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Systems Thinking


Systems thinking expands the range of choices available for solving a problem by broadening our thinking and helping us articulate problems in new and different ways. At the same time, the principles of systems thinking make us aware that there are no perfect solutions; the choices we make will have an impact on other parts of the system. By anticipating the impact of each trade-off, we can minimize its severity or even use it to our own advantage. Systems thinking therefore allows us to make informed choices.
Systems thinking is also valuable for telling compelling stories that describe how a system works.
The approach of systems thinking is fundamentally different from that of traditional forms of analysis.
Traditional analysis focuses on the separating the individual pieces of what is being studied; in fact, the word "analysis" actually comes from the root meaning "to break into constituent parts."
Systems thinking, in contrast, focuses on how the thing being studied interacts with the other constituents of the system -a set of elements that interact to produce behavior- of which it is a part. This means that instead of isolating smaller and smaller parts of the system being studied, systems thinking works by expanding its view to take into account larger and larger numbers of interactions as an issue is being studied.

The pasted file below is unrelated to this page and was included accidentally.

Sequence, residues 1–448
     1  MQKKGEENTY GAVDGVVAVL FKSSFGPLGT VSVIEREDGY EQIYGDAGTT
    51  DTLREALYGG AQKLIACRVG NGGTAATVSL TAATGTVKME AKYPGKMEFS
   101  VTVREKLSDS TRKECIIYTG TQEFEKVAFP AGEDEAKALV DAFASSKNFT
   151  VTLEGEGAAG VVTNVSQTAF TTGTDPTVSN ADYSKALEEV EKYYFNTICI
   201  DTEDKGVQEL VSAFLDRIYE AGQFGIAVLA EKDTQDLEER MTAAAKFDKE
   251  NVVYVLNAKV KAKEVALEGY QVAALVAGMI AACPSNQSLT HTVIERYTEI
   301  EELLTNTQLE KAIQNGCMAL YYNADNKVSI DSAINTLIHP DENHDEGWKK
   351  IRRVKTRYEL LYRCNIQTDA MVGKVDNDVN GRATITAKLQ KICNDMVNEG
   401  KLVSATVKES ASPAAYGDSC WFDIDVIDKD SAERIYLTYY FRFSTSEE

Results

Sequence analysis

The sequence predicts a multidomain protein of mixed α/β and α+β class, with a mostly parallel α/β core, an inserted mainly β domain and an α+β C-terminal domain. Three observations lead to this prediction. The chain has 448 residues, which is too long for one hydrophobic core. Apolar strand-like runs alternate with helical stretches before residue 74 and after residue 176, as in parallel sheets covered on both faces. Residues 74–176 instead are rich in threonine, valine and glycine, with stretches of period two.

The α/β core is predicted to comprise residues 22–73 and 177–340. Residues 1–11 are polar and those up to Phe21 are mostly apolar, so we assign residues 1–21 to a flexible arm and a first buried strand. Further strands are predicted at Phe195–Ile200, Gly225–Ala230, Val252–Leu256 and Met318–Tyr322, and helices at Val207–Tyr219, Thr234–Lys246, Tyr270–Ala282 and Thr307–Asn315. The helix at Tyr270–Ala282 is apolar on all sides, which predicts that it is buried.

This results in sometimes strikingly different conclusions than those generated by traditional forms of analysis, especially when what is being studied is dynamically complex or has a great deal of feedback from other sources, internal or external.
Seyed Hamed Vahedi Seyed Hamed Vahedi     Thu, 14 December, 2017